Hiram College

The Martin Award is given each year to faculty members who have made outstanding contributions to Hiram College’s academic programs by introducing diversity in educational life and faculty teaching models. This annual award is made possible by an endowment gift established by Paul Martin in 1990. Prior winners of the Martin Award are not eligible.

Eight faculty members were honored with 2009-10 Martin Awards. Each award includes a stipend that can be taken as cash or applied to an expense account for future professional development.

Audrey Cunningham, an instructor in the communications department, was selected for outstanding teaching and advising efforts coupled with her great success in finding students internships. She has recently been published nationally in addition to her many presentations throughout the United States.

Hiram College is a vibrant place for student writers in part because of the efforts of John S. Kenyon Professor of English Joyce Dyer and her seemingly endless devotion to mentoring her students. Renowned authors such as Ian Frazier, Robert Sullivan, and Rebecca McClanahan have visited Hiram College in response to Dyer’s commitment to provide an exceptional literary education to our budding writers. Dyer’s recent publications include “Goosetown” and “My Mother’s Singer.”

Working with students to provide individually tailored independent studies takes extra time and effort, but Assistant Professor of English Paul Gaffney does this with regularity. Teaching in the Weekend College and Master of Arts in interdisciplinary studies programs in addition to leading a study abroad trip to England, teaching in the Great Books series, and teaching an interdisciplinary course are but a few of the accomplishments that earned Gaffney the Martin Award.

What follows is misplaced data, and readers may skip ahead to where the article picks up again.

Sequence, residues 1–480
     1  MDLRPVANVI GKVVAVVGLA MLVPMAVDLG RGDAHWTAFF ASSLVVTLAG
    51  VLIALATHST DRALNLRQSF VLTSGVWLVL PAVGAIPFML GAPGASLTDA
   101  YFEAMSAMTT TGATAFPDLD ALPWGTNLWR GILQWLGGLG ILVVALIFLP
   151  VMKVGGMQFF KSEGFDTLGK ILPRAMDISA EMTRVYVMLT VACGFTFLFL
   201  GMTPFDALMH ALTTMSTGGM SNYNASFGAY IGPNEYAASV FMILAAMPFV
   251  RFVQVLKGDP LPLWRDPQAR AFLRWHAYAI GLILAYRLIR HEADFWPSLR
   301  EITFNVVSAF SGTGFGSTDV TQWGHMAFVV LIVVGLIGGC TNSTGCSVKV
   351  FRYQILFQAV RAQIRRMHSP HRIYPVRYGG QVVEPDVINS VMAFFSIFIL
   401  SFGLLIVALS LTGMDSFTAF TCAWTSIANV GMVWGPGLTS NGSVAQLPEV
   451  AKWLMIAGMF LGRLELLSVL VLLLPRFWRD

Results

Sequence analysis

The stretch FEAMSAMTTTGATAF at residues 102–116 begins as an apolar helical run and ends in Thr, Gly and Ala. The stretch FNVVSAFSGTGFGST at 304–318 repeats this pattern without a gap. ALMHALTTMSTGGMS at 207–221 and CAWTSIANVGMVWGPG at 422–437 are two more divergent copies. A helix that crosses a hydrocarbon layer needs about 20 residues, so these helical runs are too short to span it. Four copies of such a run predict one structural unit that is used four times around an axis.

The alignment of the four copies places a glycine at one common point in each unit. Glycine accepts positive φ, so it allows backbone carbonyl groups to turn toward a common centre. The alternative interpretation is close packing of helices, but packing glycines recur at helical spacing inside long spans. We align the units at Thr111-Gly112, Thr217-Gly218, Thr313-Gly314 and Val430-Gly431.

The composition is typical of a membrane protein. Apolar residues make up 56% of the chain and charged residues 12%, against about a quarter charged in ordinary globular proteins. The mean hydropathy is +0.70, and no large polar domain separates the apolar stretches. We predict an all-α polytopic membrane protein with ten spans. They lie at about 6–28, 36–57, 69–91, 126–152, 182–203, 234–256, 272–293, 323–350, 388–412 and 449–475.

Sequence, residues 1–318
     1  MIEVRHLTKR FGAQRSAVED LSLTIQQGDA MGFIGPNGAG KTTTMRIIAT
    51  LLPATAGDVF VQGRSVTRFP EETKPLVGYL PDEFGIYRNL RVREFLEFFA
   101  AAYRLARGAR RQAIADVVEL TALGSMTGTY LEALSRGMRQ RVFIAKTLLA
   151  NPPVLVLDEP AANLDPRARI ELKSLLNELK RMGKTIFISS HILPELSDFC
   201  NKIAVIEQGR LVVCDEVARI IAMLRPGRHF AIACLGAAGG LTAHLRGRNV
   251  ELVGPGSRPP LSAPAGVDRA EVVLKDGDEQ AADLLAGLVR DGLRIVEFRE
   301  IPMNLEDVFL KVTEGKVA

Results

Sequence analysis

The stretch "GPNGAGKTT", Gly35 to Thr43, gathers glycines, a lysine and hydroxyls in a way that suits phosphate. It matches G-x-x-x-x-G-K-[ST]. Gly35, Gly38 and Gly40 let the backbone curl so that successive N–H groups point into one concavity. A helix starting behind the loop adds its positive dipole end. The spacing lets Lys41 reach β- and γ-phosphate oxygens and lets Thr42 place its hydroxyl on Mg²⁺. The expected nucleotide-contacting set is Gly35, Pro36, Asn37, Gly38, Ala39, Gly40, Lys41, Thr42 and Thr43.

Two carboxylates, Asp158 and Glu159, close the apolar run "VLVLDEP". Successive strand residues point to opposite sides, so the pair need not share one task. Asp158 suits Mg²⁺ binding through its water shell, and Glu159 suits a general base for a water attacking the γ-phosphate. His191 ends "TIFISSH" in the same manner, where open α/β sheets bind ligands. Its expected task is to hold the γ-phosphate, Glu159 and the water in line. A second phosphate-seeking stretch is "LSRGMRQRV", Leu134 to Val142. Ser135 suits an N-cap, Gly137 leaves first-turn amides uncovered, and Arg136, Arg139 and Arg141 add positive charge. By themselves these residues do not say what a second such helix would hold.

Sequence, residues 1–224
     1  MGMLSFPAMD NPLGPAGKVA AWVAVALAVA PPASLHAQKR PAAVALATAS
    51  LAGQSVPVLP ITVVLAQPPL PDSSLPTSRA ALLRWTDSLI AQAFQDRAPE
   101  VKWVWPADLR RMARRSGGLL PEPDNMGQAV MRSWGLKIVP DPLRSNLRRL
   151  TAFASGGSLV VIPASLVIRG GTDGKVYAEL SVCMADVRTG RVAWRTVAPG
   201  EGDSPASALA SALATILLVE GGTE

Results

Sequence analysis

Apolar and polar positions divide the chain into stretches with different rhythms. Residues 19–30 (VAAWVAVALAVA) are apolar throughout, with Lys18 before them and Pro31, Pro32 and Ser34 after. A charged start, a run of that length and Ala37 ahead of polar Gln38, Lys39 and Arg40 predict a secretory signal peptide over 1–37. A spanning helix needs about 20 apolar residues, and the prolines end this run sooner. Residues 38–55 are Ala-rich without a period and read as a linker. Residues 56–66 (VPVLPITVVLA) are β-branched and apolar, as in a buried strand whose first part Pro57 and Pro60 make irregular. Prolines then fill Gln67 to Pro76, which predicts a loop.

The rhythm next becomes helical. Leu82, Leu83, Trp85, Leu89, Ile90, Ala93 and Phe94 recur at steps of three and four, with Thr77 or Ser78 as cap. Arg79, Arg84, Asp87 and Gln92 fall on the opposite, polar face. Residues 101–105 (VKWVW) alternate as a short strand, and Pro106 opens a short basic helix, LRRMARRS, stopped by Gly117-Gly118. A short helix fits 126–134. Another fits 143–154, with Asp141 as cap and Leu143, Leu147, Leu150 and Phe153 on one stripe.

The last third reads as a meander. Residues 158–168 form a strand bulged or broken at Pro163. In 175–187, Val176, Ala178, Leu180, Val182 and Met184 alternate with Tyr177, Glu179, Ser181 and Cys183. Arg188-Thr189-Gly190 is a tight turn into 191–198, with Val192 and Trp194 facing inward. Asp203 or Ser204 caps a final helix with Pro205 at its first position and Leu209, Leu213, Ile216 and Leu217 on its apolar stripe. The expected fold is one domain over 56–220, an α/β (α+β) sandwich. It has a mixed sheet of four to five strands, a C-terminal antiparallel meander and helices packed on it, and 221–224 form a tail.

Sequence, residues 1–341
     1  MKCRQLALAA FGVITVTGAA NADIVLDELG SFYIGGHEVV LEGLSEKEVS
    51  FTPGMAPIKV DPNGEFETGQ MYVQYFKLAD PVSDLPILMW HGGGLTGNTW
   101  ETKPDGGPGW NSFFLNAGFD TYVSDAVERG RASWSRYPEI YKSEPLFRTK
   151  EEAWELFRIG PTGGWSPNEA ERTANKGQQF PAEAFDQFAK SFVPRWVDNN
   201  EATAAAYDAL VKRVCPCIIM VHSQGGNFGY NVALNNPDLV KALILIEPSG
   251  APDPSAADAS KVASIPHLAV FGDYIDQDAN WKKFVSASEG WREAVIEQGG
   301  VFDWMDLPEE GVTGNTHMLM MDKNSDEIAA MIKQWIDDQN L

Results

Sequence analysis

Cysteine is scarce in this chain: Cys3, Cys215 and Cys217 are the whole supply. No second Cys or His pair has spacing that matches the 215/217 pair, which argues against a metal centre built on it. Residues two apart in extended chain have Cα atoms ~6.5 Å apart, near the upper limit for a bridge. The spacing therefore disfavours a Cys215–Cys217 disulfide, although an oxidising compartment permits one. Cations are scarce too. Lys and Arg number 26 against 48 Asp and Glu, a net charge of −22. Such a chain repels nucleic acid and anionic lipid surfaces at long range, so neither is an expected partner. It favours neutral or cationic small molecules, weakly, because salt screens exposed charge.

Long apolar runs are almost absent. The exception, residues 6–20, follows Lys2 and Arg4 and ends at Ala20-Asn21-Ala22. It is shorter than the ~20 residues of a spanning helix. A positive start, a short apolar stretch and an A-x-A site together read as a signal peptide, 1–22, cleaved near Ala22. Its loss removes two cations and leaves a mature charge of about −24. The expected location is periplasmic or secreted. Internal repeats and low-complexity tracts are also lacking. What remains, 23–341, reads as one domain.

Being a former member of our Terrier football team, Assistant Professor of Education Brad Maguth mentors many of our current football team players strictly from his devotion and intimate relationship to our team. Maguth eagerly teaches huge classes, supervises many student teachers, and immerses himself in College life.

Winning the National Science Foundation’s instrumentation grant is only one of the many accomplishments of Assistant Professor of Biology Jody Modarelli. Modarelli has presented research at professional conferences with students and her efforts with freshmen and biochemistry majors have earned her recognition as a model instructor.

Chair and Assistant Professor of Psychology Michelle Nario-Redmond has produced award-winning research as well as a prestigious position participating in the summer seminar at Transylvania University. She also serves a board member for Hattie Larlham. She has provided advising for not only traditional freshmen, but with adults in the Weekend College and Master of Arts in interdisciplinary studies programs.

Louis Oliphant, an assistant professor of computer science, has made significant strides in problem based learning as a model for faculty in our physical and social sciences. His autograding innovations in his computer science courses have attracted much attention and his effort to include computer science pedagogy in his future research is anxiously anticipated by many in his field. Oliphant has a deep concern for students and the community has he serves student clubs and the Boy Scouts of America.

Assistant Professor of Communications Cynthia Willis-Chun was selected for the 2009-10 Martin Award in part because of her devotion in teaching and student mentoring. She also has an uncanny ability to integrate new technologies into her courses and completely revised a primary course required in the general education curriculum.